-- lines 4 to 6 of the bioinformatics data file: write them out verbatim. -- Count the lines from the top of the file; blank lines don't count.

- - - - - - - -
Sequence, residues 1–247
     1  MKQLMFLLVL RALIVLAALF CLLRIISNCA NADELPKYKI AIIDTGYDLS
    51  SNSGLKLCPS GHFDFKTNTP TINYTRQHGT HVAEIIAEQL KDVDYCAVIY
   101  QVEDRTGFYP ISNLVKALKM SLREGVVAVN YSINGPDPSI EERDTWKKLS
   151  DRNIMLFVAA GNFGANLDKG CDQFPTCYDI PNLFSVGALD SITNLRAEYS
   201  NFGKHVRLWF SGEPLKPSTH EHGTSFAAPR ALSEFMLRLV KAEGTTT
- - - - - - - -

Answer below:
   101  QVEDRTGFYP ISNLVKALKM SLREGVVAVN YSINGPDPSI EERDTWKKLS
   151  DRNIMLFVAA GNFGANLDKG CDQFPTCYDI PNLFSVGALD SITNLRAEYS
   201  NFGKHVRLWF SGEPLKPSTH EHGTSFAAPR ALSEFMLRLV KAEGTTT